Just for you, Here is a bit of background on me.
I have MANY decades of s/w & h/w experience going back to the 70's.
I am very familiar with all kinds of real world tradeoffs. Things like code size vs speed, time to market, development time costs vs maintenance vs support costs.
I have done many projects in assembler including on 4 bit systems where you had to hand assemble the code, count instruction cycles and memory was VERY limited. Environments were if the code was too big it wouldn't fit in a part and the project would be dead, or if the code wasn't fast enough to meet a time critical window, bad things would happen like the disk platter could get its format trashed or a display would burn up.
So yes I'm very familiar with the difference between what might be the "ideal" way of doing things and then the reality of how things sometimes may have to be done to meet certain real world requirements or necessities.
I've done real time coding on things such as high speed disk controllers which was implemented part in h/w and part in s/w (to keep costs down) where you couldn't even use C since the realtime interrupt needs were so tight that the push multiple instruction used by C function prologue and epilogues would mask interrupts long since they were not interruptible.
Environments were cost margins are so slim you have push to get code to fit into smaller lower cost parts to increase margins or even to just be viable with any profit.
I have done h/w design including ASIC design, did some work on gcc in the very early days of gcc on the 68k compiler and later the 29k compilers.
I did unix kernel level development for various companies in the early days of SUN, MIPs, and Silicon Graphics.
I have code in products that went to space on the shuttle as part of its controls, other projects/products that were used in super computers used by Cray and Silicon Graphics, and Tandem Fault tolerant systems. Systems that had to have 100% uptime and controlled things like American Airlines SABER, travelocity, and many financial systems.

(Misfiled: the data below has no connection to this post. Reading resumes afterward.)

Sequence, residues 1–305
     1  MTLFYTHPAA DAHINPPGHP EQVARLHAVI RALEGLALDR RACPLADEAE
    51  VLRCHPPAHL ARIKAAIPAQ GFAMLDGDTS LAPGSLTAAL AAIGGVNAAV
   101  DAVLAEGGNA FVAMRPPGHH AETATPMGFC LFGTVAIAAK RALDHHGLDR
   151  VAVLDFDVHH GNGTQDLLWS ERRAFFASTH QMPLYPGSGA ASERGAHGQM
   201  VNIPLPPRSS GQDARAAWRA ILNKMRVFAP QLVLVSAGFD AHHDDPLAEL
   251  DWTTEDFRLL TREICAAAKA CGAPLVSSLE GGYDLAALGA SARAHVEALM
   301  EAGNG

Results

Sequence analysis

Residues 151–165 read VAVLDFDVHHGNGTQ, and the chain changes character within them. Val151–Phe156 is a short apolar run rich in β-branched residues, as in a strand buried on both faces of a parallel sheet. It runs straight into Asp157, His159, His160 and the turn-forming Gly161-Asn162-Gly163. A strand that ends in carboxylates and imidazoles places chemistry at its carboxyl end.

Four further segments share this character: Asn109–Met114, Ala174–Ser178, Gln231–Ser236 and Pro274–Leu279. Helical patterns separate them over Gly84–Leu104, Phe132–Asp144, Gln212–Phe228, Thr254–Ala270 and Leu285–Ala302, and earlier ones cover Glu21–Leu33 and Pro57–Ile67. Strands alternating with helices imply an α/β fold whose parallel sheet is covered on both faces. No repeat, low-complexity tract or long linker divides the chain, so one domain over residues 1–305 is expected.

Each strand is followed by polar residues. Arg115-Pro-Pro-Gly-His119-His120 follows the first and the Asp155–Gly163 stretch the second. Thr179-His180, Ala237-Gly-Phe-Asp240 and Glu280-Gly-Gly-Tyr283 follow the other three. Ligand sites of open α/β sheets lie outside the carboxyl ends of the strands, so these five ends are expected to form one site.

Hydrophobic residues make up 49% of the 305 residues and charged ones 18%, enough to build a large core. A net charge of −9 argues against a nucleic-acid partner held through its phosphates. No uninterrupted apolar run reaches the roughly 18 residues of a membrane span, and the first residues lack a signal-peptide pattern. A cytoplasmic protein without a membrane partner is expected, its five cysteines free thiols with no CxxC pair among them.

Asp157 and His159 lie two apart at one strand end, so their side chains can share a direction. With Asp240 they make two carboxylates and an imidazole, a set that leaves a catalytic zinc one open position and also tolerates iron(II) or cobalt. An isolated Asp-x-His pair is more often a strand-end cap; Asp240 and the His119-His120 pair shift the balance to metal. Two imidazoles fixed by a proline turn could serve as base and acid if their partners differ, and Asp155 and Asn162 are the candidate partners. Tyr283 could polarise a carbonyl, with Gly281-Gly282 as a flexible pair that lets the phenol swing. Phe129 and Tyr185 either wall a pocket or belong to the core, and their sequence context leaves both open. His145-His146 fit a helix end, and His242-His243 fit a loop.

In the early 90's I started a company that grew from 5 employees to over 1000 and became the #1 DSL provider of customer equipment on the planet to pretty much every telco around the world.
When it went public in 1999 it was the biggest IPO day stock price mover in NASDAQ history.
So be careful with your comments.
In this case you were way way wrong.
Yes, I have also managed the types of people you speak of.
But those types were not that bad to manage and keep under control.
There are others that were much worse. Those that would choose to make changes and force them into the repository outside of established procedures. when it was not permitted.
Things like making changes as a release is finalizing and testing is nearing completion.
At one point I had to seize control of a repository undo commits and lock a person out of the repository for while.
I have begun to be in the habit of using sprintf() to a text buffer and then printing it. I do that because it's easier (at least from my perspective) to make running changes while prototyping. It combines the number conversion with the fixed test fields, like "temp=" or whatever, all in one line.
Wouldn't you agree that getting the hour and minute by going from a time_t to a character string formatted by strftime() to get the local time hour and minute as an ascii character string saved into a local buffer and then converting those strings to a number using atoi() on the buffer rather than calling localtime() and using the struct tm fields is jumping through some hoops?